In 2006, Mr. Lord was named partner at DLP Piper LLP, where he remained until retiring in 2019.
“I adored him and he was one of the stars,” said Shale D. Stiller, a longtime DLP Piper LLP partner, colleague and friend for more than 50 years.
“He was a great lawyer whose knowledge broke out into every field — music, art, the humanities — simply everything — and had an incredible mind and creative energy when it came to looking at issues that others hadn’t even thought about,” Mr. Stiller said.
A tall reedy man with a shock of sandy hair that rose untamed like a single ocean wave from one side of his head to the other, and piercing intense eyes, he had a penchant for hand-tied bow ties and conservative suits
Mr. Lord’s civic and cultural life was as rich, full and successful as his legal one.
The former Bare Hills resident had been a member of Historic Annapolis board; appointed in 1979 to the Baltimore County Planning Board where he served until 1982; and was a member of the Board of Regents of the University of Maryland System from 1988 to 1991.
His deep love of music led him in 1975 to become a trustee of the Peabody Institute, and subsequently was secretary from 1977 to 1980, vice chair in 1980; and chair four years later.
He also had played a pivotal role in the 1976 transfer of the Mount Vernon Place conservatory into the hands of the Johns Hopkins University. From 1967 to 1983, he also was a member of the Baltimore Symphony board.
Mr. Lord was a collector of books on a variety of subjects including the works of H.L. Mencken, and from 2004 to 2014, was president of the Society to Preserve H.L. Mencken’s Legacy Inc. During that time Mencken’s home in Southwest Baltimore was restored and opened to the public.
“He led the effort to buy or lease the house from the city. While the city decided in the end not to sell the house, it has been beautifully restored in 2019 thanks to a generous endowment to the museum by a Mencken fan and reopened since then,” said Brigitte V. Fessenden, president of the society.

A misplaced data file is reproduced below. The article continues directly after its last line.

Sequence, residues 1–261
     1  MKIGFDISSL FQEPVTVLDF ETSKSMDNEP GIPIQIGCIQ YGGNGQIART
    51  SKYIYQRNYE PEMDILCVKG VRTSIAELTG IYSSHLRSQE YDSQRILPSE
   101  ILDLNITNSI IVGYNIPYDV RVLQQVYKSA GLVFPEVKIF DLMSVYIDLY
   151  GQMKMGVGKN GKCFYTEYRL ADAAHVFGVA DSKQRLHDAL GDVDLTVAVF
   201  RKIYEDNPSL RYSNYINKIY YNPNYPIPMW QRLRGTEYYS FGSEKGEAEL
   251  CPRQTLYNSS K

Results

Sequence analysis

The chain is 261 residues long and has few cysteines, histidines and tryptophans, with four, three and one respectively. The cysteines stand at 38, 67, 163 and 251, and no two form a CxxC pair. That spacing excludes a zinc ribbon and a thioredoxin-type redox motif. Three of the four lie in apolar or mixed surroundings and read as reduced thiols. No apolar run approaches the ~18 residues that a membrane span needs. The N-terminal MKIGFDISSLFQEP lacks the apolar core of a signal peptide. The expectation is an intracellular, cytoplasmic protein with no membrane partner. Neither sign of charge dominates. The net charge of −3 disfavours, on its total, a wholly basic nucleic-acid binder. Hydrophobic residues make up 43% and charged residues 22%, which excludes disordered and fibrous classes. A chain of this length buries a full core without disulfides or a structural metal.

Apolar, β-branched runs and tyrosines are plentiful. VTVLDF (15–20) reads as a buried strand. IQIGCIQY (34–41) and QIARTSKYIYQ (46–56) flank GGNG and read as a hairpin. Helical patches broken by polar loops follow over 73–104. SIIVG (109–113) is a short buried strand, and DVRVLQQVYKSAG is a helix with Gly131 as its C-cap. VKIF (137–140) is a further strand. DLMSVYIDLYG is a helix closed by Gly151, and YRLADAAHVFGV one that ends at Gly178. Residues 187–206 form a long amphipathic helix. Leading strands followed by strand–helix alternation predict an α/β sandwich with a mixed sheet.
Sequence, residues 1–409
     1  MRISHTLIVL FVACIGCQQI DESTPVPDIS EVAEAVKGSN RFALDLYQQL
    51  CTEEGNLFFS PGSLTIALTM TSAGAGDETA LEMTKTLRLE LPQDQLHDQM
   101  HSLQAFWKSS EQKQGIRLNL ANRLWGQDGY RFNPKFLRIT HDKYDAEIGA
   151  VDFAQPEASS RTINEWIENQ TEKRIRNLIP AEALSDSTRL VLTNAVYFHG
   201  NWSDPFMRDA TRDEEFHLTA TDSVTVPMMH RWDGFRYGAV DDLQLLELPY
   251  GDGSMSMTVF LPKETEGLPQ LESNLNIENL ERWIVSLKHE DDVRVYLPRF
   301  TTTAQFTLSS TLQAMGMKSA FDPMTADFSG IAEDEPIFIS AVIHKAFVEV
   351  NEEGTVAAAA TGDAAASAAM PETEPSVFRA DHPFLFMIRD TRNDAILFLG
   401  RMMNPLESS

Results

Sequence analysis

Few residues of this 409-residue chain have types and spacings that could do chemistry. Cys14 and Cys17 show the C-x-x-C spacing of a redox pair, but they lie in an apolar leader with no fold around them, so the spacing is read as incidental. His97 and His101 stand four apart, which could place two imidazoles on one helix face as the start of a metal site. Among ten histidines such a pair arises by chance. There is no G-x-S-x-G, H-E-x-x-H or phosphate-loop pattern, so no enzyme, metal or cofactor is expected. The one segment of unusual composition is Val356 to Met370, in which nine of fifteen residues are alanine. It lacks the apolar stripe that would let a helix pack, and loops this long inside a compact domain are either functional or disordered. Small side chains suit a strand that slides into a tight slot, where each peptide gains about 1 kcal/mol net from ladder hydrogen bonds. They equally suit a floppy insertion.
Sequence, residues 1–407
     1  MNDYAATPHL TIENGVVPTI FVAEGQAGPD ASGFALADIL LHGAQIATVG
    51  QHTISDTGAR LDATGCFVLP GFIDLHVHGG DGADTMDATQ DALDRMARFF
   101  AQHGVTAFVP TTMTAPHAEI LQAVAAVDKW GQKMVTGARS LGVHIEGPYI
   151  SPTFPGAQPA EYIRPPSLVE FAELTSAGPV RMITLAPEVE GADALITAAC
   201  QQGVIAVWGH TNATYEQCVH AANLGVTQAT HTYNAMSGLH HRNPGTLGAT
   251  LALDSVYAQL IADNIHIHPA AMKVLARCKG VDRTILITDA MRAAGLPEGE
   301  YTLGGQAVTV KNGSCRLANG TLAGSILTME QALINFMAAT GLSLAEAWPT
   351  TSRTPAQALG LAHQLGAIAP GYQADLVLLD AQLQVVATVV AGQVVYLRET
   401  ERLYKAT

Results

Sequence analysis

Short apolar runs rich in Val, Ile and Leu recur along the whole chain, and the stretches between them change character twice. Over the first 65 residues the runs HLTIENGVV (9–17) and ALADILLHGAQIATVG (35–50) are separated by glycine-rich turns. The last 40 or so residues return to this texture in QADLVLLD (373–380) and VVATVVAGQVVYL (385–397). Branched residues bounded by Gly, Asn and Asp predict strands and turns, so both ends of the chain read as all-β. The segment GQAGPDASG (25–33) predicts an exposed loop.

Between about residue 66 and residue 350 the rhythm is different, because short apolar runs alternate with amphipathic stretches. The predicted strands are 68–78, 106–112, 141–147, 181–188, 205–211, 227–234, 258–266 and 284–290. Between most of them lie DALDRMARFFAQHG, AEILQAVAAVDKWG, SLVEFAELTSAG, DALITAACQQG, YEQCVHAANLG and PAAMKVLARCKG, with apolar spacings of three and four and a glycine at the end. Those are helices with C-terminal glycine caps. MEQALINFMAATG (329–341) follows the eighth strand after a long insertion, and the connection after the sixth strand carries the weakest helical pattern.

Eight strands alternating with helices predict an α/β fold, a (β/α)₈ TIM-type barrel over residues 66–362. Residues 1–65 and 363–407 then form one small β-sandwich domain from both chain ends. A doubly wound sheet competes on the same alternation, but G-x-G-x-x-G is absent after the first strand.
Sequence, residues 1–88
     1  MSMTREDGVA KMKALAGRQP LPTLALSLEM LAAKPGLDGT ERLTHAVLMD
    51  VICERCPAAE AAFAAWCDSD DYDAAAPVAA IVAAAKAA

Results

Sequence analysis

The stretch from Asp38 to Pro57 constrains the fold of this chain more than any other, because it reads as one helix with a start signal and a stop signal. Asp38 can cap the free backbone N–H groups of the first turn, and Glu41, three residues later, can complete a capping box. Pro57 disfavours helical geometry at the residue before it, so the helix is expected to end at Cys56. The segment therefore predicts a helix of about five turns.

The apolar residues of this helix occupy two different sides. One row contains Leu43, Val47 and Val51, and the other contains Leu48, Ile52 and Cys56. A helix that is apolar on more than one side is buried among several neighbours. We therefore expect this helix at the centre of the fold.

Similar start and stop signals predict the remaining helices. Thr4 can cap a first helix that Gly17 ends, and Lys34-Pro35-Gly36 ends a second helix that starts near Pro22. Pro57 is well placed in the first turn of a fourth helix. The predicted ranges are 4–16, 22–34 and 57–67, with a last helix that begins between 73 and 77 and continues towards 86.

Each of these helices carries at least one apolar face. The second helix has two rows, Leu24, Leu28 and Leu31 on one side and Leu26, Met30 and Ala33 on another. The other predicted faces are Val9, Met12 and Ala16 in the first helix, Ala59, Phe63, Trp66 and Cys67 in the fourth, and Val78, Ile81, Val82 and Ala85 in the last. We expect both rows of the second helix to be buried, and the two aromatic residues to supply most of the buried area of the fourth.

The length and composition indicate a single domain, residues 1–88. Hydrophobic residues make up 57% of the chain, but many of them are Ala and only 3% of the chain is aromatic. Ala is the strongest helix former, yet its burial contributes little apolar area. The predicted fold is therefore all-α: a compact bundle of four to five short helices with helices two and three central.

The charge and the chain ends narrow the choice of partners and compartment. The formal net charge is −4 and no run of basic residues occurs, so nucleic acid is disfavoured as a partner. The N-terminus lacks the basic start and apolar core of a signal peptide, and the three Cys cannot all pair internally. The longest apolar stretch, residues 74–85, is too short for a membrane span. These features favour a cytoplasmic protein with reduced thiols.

Mr. Lord and his wife, who lived in a rowhouse in the 1400 block of Park Avenue, turned their home into a salon and were known for their dinner parties.
“He collected interesting art, notable books and music of every stripe, bright minds, amusing raconteurs, interesting women, wild characters, historians, baseball junkies, and excellent doctors,” Ms. Lord wrote in a profile of her husband.
It was not unusual for Mr. Lord to track down favorite writers and initiate a conversation that blossomed into a relationship.
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“Harry was also deeply involved in his Princeton class’s Sachs Scholarship Program, which sent remarkable students like Dan-el Padilla Peralta, professor classics at Princeton, and Supreme Court Justice Elena Kagan to Oxford University for a postgraduate year,” Ms. Lord said.
Desiring a more rural life, he and his wife sold their Bolton Hill home and moved to Dover Road in Reisterstown.
He was an avid bird-watcher and could be found roaming Lake Roland Park with his wife.
As an outdoorsman, kayaker and environmentalist, he and his wife paddled Western Maryland’s white water Youghiogheny River, hiked in Yosemite, along Hadrian’s Wall, in Tibet, bicycled around Sicily, skied everywhere, parachuted out of airplanes, and was an accomplished sailor.
“An urbane, interesting gentleman who led a full and interesting life, and was a loyal friend,” wrote Marion Elizabeth Rodgers, a noted Mencken scholar, author and friend in an email.
Plans for a memorial service are incomplete.
In addition to his wife, Mr. Lord is survived by his daughter, Hannah B. Lord of Stewartstown, Pennsylvania; two grandchildren; and several nieces and nephews.